Monday, July 26, 2010

Full Of It

If you have fished or boated on many of the reservoirs in Montana the past decade, you have seen a prolonged period of drought and low water levels. However, decent mountain snowpack and moderate spring moisture have changed that. As of now, Fort Peck and nearly all of the major reservoirs on the Missouri River watershed are full. A few are even spilling into their flood pool.
It is truly a great sight to see people using the entire length of Fort Peck "lake". Boats can now travel from Crooked Creek all the way to the dam, a good haul of roughly 80 miles. Compared to fishing on some Midwestern lakes, Fort Peck fishing just went from quiet to desolate.
On a recent trip, Laura and I took the Lund into a weedy bay that we had to ourselves, roughly 10 miles from camp. We started fishing along the edge of young cottonwood trees, trees that were now nearly submerged from the lake's rapid rise. The first fish was a strong one, a fish that peeled off line like a northern pike. A pike it wasn't, as it was a meaty 32" walleye that was feeding in seven feet of water. I rarely had experienced good walleye fishing by casting crankbaits, but in this case, it was what the doctor ordered.
Deeper in the bay, we caught gold eye, sauger, catfish and even crappies on cranks. While it was remarkable to see the lake rise nearly 20 feet in two springs, it was even more remarkable to catch fish in strange places by methods I don't typically use. The big question is how the fish react this winter and next spring.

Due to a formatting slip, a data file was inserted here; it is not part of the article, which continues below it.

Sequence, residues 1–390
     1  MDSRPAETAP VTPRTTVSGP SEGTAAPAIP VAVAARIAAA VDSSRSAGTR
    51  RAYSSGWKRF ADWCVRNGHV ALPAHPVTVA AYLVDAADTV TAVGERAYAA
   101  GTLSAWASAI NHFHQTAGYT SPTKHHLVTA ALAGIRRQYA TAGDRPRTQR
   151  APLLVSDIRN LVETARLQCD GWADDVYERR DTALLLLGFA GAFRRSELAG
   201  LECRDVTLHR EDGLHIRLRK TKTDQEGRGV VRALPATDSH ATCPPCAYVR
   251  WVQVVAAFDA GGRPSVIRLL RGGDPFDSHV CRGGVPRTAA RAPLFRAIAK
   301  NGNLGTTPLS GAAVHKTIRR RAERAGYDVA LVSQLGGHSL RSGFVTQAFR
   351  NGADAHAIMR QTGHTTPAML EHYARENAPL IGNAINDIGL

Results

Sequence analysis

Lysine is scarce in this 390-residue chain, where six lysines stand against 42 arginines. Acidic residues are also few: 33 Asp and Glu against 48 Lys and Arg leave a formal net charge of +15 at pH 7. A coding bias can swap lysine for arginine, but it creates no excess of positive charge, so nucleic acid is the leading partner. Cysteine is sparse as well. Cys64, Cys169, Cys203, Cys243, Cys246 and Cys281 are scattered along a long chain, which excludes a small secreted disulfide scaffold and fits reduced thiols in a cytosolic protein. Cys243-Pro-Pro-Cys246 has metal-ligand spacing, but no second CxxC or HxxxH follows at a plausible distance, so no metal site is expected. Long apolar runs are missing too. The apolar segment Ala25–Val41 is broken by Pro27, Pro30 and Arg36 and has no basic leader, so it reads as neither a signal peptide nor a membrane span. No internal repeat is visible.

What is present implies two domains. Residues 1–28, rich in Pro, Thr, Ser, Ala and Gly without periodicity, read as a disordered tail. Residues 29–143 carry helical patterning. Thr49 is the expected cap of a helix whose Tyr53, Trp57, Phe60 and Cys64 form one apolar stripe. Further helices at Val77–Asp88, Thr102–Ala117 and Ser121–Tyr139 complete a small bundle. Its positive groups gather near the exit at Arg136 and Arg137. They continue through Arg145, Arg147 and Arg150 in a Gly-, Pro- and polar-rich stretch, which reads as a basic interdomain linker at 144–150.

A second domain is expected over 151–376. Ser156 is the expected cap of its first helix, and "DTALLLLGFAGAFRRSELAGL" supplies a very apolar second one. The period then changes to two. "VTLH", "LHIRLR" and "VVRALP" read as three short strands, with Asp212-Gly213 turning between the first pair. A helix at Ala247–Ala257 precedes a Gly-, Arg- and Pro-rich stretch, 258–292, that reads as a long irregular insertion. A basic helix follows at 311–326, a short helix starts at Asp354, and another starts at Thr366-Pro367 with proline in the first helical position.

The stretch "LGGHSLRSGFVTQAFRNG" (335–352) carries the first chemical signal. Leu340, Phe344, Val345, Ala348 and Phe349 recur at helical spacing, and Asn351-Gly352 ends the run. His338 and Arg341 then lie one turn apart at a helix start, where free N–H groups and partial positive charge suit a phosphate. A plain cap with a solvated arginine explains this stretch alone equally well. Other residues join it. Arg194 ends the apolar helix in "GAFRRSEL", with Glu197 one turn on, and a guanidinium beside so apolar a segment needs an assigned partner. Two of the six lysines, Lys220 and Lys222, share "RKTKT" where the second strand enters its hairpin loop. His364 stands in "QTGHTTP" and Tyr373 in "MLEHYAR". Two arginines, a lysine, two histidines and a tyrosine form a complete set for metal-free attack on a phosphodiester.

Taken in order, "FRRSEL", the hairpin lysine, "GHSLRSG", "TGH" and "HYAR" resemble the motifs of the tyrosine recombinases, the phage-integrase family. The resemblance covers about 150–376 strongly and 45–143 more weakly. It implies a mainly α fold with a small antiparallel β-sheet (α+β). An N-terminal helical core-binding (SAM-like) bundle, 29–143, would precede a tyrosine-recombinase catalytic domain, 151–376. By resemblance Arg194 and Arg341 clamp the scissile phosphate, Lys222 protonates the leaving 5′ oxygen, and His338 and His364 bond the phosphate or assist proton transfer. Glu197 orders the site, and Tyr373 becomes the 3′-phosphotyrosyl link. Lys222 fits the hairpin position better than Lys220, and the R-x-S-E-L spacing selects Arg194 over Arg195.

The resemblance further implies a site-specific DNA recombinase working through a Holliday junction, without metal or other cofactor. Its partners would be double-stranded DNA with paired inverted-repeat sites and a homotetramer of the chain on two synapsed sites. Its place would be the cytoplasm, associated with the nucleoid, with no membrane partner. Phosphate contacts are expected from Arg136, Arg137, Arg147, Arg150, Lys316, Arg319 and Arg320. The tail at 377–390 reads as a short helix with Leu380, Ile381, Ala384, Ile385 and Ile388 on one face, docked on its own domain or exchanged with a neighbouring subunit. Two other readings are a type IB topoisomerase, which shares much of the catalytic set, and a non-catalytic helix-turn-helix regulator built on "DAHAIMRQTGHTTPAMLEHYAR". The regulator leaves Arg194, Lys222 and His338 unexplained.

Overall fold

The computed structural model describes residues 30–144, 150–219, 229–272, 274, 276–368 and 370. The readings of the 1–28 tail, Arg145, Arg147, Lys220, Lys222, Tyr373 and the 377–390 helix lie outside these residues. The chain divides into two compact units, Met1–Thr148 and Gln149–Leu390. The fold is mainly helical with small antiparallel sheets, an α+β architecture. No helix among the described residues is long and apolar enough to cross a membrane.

Tuesday, July 6, 2010

Legend & Lore

I don't remember just when or where I first learned of the creek. Maybe it was at Bud Lilly's in West Yellowstone as I eavesdropped on a hushed conversation while perusing the fly bins. Or perhaps it came from loose lips over a frosty pint at the Silver Dollar in Ennis. Truth be told I probably couldn't trace my fascination with this particular fishery back to any single source. Bit by bit over the past couple of years I've accumulated a pittance of knowledge about the place...never enough to really go by, but just enough to keep me intrigued.

Legend has it that the creek hosts a mysterious, almost ghostly run of very large cutthroat trout. What's more, the rumor of this run is substantiated by sound, but antiquated, stream survey data compiled by fisheries biologists. My own trips to fish the creek have done little to sort out fact from fiction. Were it not for an occassional rare, unabashed report from fellow anglers, I'd probably have given up on the place long ago.

Last Friday marked my third trip to fish the creek in search of its phantom cutthroat trout. The two previous trips had resulted in few if any trout caught and those that were caught certainly weren't of mythical proportions. This trip proved to be no different, nary a trout was brought to hand despite the fact that an able angling comrade and I spent eight hours methodically prospecting some excellent looking water along various portions of the stream.

Fortunately the creek offers more than a long shot at hooking up with migratory cutthroat trout. The watershed harbors a remnant population of a rare, wild fish native to Montana - the arctic grayling. I've caught the species in some mountain lakes throughout Montana - and even as far south as Arizona - but this particular population is special. They are one of the few remaining fluvial/adfluvial populations of grayling occupying native habitat in Montana - the only state in the lower 48 where the species still occurs naturally.

I'll always look forward to returning to this mountain valley for its unspoiled beauty and for the grayling, yet I'll always be hoping for something more. Should I ever find myself tight to a big cutthroat on this stream I'll thank my lucky stars. In the meantime I'll enjoy the legend and lore that the creek is enshrouded in, and the process of unraveling the mystery.